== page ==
A developer’s diary from our community blogs
[Indie developer Tyrone Rodriguez of Nicalis took to our community blogs recently to give us an update on his latest project. Are you an indie dev? Share your story with us! –Mr Andy Dixon]
At this point, some of you may feel like we’ve been working on ’90s Arcade Racer since the ’90s. That’s not entirely true. While Antonis [Pelekanos] and I were indeed playing Scud Race (Super GT in the US) and Daytona USA some 20 years ago, that was just preparation for the game we’re developing now.
Here’s what’s been happening the last couple of months with ’90s Arcade Racer.
Physics, physics and more physics!
In the 100+ hours I’ve spent on racetracks combined with the thousands of hours logged playing racing videogames, there’s something that feels quite counter-intuitive to the genre. You would think super realistic racing games would have super accurate and lifelike physics — but that doesn’t necessarily always make a better product. To really give the sensation of speed, gravity, and lateral gravity, as a designer you end up removing many functions that make a vehicle simulation “real”, in the theoretical sense. A driving simulator more often than not feels like a floaty, unresponsive boat. Part of that is because you can’t feel yourself slinking around a bucket seat, you don’t have the sensation of a vehicle’s weight shift between the four corners; there’s an entirely missing dimension in racing games.
Antonis and I are going for a fun and arcade racing feel; we’ve said that from the start. Those two descriptors are equally important to the project. Getting to the balance of an arcade feel while offering a challenging experience and still giving the car some complex, real-world behaviors is where our own challenge begins.
Once you start playing a racing game, especially an arcade-style one, terminology like camber, caster, differentials, toe, torque and drivetrain are quickly forgotten. Initially I spent a lot of time trying to get an arcade feel out of a real vehicle simulation. After extensive experimentation, what Antonis and I found was that it just wasn’t working.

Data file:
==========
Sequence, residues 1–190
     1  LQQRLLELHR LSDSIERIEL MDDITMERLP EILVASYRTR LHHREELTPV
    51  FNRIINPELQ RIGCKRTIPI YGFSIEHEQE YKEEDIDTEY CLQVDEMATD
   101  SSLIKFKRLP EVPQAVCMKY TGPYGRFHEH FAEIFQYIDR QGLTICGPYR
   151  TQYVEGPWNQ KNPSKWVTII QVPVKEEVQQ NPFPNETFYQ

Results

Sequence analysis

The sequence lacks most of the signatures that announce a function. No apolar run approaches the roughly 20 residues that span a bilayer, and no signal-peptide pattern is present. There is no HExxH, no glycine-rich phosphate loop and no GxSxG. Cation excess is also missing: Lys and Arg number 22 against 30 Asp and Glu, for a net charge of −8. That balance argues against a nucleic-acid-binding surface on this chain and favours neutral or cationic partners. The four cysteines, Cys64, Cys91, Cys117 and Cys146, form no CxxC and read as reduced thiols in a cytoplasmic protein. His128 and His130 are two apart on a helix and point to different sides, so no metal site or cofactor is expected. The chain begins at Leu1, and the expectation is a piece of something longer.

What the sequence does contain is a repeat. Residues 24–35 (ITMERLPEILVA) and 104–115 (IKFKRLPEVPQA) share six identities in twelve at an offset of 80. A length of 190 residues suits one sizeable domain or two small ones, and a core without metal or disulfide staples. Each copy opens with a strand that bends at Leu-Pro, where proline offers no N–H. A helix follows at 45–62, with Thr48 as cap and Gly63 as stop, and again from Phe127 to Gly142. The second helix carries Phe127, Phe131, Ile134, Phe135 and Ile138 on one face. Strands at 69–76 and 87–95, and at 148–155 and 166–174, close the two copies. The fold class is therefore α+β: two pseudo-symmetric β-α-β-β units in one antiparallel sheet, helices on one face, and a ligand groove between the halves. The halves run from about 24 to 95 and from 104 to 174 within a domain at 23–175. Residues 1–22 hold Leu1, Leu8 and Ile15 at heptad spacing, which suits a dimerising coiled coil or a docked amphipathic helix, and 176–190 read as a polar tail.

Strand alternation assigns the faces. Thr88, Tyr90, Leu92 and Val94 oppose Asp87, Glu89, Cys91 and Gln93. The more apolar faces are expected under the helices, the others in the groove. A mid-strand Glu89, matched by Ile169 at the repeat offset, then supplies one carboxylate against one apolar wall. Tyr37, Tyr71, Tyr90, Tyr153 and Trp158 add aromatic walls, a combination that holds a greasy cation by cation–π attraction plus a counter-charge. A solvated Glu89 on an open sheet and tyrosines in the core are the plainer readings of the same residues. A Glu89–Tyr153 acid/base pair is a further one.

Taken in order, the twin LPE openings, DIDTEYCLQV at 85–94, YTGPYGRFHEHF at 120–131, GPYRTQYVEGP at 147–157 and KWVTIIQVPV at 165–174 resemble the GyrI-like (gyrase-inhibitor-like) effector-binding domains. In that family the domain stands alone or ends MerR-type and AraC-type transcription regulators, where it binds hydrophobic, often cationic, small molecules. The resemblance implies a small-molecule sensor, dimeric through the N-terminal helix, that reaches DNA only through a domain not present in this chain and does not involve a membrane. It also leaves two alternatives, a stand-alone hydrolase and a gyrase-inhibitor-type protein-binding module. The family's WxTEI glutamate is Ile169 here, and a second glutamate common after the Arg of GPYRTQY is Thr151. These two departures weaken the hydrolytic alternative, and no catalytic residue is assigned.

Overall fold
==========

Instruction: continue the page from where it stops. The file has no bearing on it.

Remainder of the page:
In this case it’s much easier to build something from zero and create an experience that perfectly recreates the perception and expectation we all have of a typical arcade racer. Version 2.0 of ’90s Arcade Racer physics is built within the expressed intention of creating a real arcade racing game. What that means is that the game is really feeling like should. The car reacts in a way that is indicative of an arcade racer, it moves and accelerates properly and now we have a really fun grip and drift mechanic within the game. Although it’s been challenging having to build physics from nothing, this has allowed us to really build the vehicles exactly how we want and how they should feel.
I’m pretty confident that we’re very much in the right direction with the physics and you’ll probably agree once you have an opportunity to play it. Antonis has been doing great work on creating the world of ’90s Arcade Racer; more on that later!